“When you study finance, you are studying how to make things happen, on a big scale, on a lasting scale … and that has to matter more than getting into Google and programming some little gimmick”, said Robert Shiller in our debate at The Economist’s Buttonwood Gathering on October 30 in New York City. Shiller argued that financial innovation is just as important as the innovation that Silicon Valley creates and that without finance we would not have an economy — or a technology industry.
Needless to say, I didn’t agree.
When I was invited to represent the tech industry at the event, I thought that this position was a no-brainer. After all, how could anyone in his right mind argue that our best and brightest should go into finance and sell their souls to none other than Goldman Sachs — which played a major role in the recent financial meltdown? But then I learned I would be debating a newly minted Nobel Laureate — the person who has long been warning about asset bubbles and the financial industry’s ills. Robert Shiller is no shill for the finance industry; he is one of the most respected and credible economists in the world.
So I lost a lot of sleep in preparing for the event.
In the debate, I argued that collateralized debt obligations, credit-default swaps, and structured investment vehicles were the greatest innovations created by the financial industry in recent times — and that what these got us were subprime loans, the housing bubble, and the financial crisis. And, with high-frequency trading and other technology gimmicks that investment banks are increasingly using to skim money off the top of stock-trading systems, it is no wonder that investment bankers are called the modern-day robber barons.
On the other hand, look at what the technology industry — and Google — have brought us. We now have an ocean of knowledge freely available to us that we can search. We can watch videos of lectures by today’s leading thinkers; connect via e-mail and social media with anyone, anywhere; work anywhere; and crowdsource solutions to problems. With the apps on our smartphones, we can transact commerce, perform medical tests, and find directions to where we want to go to. Soon, self-driving cars such as Google’s will revolutionize transportation by allowing us to be productive while we commute; they will eliminate traffic jams and accidents; we won’t need parking spots, because these cars can drop us where we want to go to and come back when we’re ready; and we won’t traffic signals or speed limits. Technologies such as Google Loon will provide ultra-fast Internet connectivity everywhere we go. Advances in 3D printing will revolutionize manufacturing. Sensor-based apps will help us monitor and improve our health. Water-sanitization technologies will provide the world with abundant clean water.
Shiller argued that without financial innovation, none of these breakthroughs would be possible. He claimed that Google was no different from an investment bank, because it was buying companies and bankrolling their developments. He said that we can afford to live in houses because of a financial innovation called the mortgage, and that the insurance industry — another financial innovation — softens the blow of natural disasters. “Every human activity that matters has to be financed”, he said.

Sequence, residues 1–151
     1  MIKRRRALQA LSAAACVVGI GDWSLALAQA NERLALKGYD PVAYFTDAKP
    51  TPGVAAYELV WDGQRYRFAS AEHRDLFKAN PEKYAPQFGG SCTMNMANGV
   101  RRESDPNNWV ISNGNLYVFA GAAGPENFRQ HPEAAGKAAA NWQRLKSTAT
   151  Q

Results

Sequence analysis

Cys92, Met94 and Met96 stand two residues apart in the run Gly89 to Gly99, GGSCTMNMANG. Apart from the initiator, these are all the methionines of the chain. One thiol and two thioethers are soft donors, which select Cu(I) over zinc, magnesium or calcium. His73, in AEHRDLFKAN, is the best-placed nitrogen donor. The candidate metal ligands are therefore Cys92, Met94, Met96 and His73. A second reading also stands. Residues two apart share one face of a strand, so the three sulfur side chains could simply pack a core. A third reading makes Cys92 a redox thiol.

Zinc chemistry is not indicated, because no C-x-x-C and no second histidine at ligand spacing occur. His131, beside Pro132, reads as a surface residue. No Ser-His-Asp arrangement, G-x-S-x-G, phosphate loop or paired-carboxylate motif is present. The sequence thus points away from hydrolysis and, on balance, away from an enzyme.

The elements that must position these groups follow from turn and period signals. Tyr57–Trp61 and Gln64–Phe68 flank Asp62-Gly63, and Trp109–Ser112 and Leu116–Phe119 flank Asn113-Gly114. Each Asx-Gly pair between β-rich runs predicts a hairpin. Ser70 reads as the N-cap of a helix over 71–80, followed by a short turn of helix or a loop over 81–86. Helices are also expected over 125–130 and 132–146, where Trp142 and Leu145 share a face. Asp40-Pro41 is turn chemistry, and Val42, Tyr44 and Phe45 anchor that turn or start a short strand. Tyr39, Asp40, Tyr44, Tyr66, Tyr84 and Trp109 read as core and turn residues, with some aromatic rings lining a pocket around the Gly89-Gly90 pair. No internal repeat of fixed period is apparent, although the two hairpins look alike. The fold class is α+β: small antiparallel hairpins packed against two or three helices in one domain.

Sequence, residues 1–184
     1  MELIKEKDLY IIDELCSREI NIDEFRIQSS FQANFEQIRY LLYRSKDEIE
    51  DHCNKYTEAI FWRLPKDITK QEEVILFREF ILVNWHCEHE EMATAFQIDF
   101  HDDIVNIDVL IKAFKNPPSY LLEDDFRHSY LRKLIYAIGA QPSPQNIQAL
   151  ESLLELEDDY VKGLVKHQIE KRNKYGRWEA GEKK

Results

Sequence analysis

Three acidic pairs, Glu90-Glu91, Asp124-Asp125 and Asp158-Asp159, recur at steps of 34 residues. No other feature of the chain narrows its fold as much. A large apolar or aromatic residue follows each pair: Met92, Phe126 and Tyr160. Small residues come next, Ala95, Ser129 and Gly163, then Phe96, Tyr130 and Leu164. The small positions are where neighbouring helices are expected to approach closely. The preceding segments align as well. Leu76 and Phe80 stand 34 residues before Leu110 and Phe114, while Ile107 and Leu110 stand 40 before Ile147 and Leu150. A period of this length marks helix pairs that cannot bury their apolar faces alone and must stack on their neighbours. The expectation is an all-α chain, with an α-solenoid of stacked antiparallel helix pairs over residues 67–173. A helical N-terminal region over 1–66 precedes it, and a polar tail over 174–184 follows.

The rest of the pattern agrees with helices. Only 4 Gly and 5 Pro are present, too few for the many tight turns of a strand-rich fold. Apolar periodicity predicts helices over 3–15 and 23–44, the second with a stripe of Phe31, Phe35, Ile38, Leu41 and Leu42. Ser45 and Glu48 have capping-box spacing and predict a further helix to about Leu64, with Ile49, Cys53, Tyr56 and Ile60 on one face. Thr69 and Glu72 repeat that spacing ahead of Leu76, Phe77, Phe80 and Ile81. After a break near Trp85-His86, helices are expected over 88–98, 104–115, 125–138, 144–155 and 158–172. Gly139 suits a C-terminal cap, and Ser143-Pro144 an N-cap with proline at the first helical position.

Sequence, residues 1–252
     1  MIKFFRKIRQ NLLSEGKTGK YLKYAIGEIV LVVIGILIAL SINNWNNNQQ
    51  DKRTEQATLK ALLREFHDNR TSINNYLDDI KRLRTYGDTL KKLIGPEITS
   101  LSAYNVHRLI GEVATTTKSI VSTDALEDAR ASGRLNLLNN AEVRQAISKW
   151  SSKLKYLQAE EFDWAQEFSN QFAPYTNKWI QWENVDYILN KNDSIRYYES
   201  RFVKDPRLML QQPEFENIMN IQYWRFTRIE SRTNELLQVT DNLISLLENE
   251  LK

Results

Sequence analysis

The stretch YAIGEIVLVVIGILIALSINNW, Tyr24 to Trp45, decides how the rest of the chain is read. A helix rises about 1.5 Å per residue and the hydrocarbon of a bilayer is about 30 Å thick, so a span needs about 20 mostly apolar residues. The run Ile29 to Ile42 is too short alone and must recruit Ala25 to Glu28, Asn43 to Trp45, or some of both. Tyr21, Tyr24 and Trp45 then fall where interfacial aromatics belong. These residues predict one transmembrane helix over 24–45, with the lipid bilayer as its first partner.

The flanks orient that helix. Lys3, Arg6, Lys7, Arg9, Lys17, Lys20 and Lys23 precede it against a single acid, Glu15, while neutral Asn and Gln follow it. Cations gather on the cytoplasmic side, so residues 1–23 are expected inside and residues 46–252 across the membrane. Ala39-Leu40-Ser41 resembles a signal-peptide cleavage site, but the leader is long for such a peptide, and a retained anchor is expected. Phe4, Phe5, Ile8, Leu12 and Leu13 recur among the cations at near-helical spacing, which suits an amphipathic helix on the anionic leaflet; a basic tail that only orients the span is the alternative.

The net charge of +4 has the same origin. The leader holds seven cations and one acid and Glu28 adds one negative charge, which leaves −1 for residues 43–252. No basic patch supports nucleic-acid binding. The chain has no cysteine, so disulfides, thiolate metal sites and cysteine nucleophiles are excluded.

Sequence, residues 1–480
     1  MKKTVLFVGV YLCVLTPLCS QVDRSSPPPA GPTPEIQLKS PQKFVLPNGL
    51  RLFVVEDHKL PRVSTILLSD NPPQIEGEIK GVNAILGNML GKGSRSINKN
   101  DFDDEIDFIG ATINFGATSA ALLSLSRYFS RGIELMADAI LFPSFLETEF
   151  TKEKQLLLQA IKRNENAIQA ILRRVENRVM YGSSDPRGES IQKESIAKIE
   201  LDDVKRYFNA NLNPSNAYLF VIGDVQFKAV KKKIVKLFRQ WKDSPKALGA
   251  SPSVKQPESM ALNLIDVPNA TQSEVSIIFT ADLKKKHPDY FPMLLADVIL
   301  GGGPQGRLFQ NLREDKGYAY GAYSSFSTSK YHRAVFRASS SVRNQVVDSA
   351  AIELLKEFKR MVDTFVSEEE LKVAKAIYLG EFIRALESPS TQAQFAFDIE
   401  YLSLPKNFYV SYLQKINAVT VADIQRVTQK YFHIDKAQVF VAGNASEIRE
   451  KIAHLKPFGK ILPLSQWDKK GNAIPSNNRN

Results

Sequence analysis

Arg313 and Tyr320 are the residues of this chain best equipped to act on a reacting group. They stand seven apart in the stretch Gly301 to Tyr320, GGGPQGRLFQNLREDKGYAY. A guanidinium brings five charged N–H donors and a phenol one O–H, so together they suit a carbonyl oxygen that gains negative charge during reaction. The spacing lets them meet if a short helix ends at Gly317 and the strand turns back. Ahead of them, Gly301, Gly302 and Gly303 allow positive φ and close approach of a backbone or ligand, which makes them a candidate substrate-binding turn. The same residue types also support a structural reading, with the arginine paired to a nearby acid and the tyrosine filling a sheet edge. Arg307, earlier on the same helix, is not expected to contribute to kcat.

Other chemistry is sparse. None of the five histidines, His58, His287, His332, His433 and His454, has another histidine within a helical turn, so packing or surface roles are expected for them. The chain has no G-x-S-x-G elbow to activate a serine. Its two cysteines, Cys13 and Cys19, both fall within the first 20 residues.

Shiller’s comments about Google’s being like an investment bank and programming “little gimmicks” showed me that he doesn’t fully understand what Google and the technology industry do. He also doesn’t realize the power of digital currencies such as Paypal; the impact that crowdfunding will soon make; and that the cost of creating technologies is dropping exponentially — causing venture capital and finance to play now a smaller role in innovation than ever before.
During our meeting before the debate, I got to know Shiller. I developed a deep respect and admiration for his intellect and values. Yet debate co-moderator Greg Ferenstein and I had to give Shiller a crash course in social media and show him how to use Twitter. So I don’t blame him for not getting it.
By the time we were done, Shiller did concede the importance of the tech industry. He said, “We need more engineers than we need finance people”. But then he added, “We need finance people to provide the resources for them to do these things. … It’s not a choice between Google and Goldman; we need both”.
Shiller’s key argument was that that “Young graduates with a moral purpose and interest in the financial world should join Goldman”. That, he is right about. What is often missing from the finance industry is a “moral purpose”. This is what led to the asset bubbles and is why we see so much corruption on Wall Street; this is what we need to fix. So maybe a few graduates — but a few who have a moral purpose — should join Goldman.
But I don’t think that Goldman and other investment banks should continue to get yet another free ride on the backs of taxpayers and society. They should pay a tax for the subsidies that go into public education — perhaps $200,000 for every engineering or science graduate they hire from American colleges. With the billions they skim from our financial system, they can surely afford that.